When you shake your fist, screaming “They took our jobs!” You can stare at your computer rather than the day laborers standing outside Home Depot.
In an essay posted on Good, Andrew argues that technology is the greatest enemy of the working class. He cites an MIT report that says while high-skilled, high-income jobs and low-skilled, low-income jobs are both growing, a number of middle-class professions that don’t require college degrees are shrinking due to technological advances.
Today, a Japanese company called Fanuc, Ltd., has industrial robots making other industrial robots in a “lights out” factory. (That’s the somewhat unsettling term for a fully automated production facility where you don’t need lights because you don’t need humans.) That’s where we’re headed.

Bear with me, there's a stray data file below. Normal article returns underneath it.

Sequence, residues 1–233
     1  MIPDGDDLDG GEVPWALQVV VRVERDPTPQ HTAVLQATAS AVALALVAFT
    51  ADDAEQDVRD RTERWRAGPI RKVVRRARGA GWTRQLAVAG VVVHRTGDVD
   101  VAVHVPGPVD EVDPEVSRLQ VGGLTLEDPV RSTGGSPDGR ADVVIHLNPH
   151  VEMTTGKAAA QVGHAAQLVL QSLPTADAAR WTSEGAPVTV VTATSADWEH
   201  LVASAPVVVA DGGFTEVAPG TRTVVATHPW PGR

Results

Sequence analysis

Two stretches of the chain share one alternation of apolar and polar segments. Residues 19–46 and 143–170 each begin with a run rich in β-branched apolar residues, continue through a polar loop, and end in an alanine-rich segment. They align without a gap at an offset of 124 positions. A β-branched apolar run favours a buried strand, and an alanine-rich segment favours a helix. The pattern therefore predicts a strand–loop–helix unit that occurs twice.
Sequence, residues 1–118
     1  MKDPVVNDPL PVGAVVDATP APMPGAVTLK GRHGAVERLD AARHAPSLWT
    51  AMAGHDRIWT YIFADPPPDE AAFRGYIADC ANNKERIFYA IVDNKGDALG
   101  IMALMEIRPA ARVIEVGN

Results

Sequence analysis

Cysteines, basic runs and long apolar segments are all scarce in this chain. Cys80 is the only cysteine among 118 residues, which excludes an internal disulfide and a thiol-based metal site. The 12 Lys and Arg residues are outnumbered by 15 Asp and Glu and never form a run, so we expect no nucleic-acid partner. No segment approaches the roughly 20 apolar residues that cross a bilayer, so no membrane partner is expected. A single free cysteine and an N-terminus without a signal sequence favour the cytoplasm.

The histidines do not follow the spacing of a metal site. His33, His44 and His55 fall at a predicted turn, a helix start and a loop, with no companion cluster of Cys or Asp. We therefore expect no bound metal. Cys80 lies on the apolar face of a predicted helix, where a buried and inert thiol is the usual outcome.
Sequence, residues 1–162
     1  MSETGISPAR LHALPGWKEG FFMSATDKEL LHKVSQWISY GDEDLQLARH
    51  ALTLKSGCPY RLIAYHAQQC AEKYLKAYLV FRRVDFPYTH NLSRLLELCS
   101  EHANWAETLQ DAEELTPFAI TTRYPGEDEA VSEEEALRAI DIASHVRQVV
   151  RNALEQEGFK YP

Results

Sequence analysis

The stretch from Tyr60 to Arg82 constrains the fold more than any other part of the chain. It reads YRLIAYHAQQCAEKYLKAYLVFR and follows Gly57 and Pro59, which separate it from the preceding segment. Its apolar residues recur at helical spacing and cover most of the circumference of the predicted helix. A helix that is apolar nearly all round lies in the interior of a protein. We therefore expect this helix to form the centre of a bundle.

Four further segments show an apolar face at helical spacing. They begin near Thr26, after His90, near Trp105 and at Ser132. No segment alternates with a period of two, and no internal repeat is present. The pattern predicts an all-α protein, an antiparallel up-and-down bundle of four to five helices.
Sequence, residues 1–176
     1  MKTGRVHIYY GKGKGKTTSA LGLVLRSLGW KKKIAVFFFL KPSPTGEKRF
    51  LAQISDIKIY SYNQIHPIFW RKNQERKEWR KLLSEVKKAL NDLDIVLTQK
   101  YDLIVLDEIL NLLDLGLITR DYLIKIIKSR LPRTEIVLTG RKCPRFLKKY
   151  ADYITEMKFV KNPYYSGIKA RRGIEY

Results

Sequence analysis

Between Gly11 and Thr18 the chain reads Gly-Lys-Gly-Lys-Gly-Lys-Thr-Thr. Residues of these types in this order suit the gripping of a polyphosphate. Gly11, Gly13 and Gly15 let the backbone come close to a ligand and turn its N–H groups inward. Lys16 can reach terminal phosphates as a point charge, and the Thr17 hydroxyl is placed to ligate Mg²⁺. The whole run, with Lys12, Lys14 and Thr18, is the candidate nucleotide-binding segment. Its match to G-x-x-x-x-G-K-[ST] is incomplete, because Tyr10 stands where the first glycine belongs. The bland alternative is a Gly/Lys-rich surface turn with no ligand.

It’s not just manufacturing, either. Automated call centers are replacing customer-service agents. Automated checkout stations are replacing grocery-store clerks. When the science of computer vision advances sufficiently, we’ll have algorithms, not humans, evaluating X-rays at airport security checkpoints and screening user-generated content for sites like Facebook.
At least we’ll be able to find work again once robots work out that whole enslavement plan.